It's just a kick around this Sunday. The end of the season Motherwell vs. Wishaw, everyone's here.
Passing back and forth, translucence an advantage, Maclean claims having lost a tackle – he didn't see him coming.
Donovan mutters it was offside but hasn’t the heart to contest the ref; even he knows it’s wrong to speak ill of the dead.
Half time oranges for the lads with black bands, no sustenance required for the others.
Children cheer them on, parents laugh, arms linked worn faces and Thermos’ steaming as booted and fleeced on the sidelines, Granny heckles from a deckchair.
A break from the daily grind or lack thereof in Ravenscraig. Past shuttered shop fronts, Ladbrokes and pawn shops wanting gold to have a moment with a tealight, beneath flowers crucified on a steel gate.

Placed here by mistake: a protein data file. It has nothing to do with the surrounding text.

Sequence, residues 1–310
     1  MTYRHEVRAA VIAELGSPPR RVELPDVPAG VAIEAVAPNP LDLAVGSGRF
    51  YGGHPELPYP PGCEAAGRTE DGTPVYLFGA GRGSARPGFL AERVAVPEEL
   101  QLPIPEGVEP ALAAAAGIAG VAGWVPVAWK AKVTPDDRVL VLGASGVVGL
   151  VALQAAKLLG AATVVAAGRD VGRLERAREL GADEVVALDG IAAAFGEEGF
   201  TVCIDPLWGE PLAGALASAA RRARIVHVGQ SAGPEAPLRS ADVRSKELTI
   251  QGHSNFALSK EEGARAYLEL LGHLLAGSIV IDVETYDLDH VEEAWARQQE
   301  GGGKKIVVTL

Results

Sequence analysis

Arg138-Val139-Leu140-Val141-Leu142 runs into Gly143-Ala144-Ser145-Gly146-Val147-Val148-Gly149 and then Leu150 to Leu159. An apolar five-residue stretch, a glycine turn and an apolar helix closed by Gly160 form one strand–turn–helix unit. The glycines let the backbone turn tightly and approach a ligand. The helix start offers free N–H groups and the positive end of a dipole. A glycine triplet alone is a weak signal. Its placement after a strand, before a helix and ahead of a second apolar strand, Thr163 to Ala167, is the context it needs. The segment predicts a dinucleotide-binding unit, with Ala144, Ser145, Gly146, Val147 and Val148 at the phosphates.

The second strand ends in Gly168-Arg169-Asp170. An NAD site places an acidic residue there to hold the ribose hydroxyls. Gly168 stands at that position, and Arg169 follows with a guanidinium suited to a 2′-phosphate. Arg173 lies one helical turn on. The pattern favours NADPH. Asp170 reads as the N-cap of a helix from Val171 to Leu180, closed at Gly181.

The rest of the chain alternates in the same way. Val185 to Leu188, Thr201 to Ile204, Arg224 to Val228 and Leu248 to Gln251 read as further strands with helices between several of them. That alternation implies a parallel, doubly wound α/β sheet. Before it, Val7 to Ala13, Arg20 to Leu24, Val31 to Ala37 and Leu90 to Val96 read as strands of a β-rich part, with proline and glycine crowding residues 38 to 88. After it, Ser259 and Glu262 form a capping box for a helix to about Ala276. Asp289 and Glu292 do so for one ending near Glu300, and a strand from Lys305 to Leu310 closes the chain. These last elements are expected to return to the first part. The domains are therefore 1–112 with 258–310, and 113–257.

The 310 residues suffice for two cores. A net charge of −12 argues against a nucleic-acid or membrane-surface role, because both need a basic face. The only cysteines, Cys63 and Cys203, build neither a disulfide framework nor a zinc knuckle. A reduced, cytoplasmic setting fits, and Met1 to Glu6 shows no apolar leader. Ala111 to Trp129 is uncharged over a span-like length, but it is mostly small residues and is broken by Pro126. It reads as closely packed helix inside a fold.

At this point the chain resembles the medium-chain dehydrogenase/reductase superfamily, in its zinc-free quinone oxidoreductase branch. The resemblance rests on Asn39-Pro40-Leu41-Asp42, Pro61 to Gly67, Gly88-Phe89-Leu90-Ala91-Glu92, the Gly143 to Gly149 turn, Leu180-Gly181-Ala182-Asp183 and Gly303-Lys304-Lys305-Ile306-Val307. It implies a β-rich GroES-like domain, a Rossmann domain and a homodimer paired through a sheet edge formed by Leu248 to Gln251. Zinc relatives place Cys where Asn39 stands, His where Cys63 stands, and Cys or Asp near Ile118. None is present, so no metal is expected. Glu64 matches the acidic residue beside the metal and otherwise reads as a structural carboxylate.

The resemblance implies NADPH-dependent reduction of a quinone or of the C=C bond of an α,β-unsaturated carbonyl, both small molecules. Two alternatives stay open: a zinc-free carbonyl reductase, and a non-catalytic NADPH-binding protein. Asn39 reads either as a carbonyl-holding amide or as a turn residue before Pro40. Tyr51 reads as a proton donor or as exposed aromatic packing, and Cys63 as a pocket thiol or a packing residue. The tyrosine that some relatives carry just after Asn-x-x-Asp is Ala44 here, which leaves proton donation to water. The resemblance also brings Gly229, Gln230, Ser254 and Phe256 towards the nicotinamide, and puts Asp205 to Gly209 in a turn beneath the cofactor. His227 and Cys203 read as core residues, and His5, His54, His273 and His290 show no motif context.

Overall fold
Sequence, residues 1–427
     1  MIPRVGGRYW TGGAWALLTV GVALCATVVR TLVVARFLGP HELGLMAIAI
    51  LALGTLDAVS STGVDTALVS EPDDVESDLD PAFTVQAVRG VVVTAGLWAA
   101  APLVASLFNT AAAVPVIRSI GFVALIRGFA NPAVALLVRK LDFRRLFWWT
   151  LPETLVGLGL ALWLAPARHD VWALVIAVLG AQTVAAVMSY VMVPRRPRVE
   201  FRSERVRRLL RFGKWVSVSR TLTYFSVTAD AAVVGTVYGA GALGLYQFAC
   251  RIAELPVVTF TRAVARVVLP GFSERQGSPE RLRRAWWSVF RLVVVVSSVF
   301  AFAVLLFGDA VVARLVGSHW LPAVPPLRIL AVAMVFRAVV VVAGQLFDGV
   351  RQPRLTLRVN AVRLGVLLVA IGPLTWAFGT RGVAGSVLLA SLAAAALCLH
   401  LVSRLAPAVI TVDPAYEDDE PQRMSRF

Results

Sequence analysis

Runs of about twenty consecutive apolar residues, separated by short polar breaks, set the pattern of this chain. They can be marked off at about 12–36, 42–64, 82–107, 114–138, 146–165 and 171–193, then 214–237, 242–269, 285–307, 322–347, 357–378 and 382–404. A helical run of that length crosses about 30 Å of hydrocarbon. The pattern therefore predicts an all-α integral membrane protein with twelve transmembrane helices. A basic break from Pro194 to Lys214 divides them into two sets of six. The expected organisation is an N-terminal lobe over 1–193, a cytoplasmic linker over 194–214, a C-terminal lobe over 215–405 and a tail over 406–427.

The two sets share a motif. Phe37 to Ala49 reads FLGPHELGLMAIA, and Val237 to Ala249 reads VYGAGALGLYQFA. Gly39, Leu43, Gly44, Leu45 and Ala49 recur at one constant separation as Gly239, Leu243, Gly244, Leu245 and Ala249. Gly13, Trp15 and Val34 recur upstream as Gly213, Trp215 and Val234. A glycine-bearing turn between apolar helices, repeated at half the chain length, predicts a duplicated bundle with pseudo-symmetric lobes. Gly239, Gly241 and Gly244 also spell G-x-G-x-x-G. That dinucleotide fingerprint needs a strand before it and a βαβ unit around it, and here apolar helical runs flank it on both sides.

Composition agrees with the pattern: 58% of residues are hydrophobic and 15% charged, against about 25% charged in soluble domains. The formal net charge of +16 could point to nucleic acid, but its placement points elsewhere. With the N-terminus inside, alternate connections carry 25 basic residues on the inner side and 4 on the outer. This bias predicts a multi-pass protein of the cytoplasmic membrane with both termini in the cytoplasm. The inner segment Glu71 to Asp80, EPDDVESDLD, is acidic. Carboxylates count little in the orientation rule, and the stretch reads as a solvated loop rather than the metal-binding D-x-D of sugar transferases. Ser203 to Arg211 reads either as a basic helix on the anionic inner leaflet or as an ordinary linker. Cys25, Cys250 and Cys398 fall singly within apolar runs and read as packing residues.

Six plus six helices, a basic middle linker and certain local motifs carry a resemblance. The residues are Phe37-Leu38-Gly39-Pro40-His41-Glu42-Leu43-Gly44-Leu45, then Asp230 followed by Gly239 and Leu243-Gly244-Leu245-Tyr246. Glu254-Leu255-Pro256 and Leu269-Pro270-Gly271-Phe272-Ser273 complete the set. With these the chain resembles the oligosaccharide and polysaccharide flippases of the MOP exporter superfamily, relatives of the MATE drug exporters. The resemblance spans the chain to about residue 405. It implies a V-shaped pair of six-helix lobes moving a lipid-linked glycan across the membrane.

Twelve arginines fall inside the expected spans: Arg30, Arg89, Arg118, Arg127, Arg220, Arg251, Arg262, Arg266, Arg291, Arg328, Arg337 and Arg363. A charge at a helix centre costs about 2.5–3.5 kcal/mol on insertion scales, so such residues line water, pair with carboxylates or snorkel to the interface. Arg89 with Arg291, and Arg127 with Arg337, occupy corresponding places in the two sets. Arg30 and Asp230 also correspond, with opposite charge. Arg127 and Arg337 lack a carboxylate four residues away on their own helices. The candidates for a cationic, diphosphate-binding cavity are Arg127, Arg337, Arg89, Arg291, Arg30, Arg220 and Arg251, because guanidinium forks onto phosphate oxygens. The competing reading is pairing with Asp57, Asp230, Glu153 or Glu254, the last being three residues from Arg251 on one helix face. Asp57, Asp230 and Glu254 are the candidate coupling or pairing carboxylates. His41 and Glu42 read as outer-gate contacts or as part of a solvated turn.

Framed photographs propped against palisade swords, going dark at the edges where the rain bled in, warping sun-bleached smiles of the ones who called time on themselves.
Neat passes between the brothers − a race up the midfield Lewis scores, does his signature run and swoop a kiss for the wife, feet not touching the floor.
In the pub afterwards they celebrate with a pint clinking glasses and laughter, a weak echo reverberating around the rim.
Cracked eyes, smiles fade to grey. Mum's doing a roast later, but these are the lost boys who won’t ever find their way home.
Biography: Vic Pickup’s poetry has featured in a number of magazines and webzines over the last two decades. She is a previous winner of the Café Writers competition, with her poem about a Bosnian chicken, and was recently shortlisted for the National Poetry Day #speakyourtruth competition. In 2018, Vic co-founded the Inkpot Writer’s Group in the Hampshire village where she lives with her husband, three children and (of course) her pet chicken.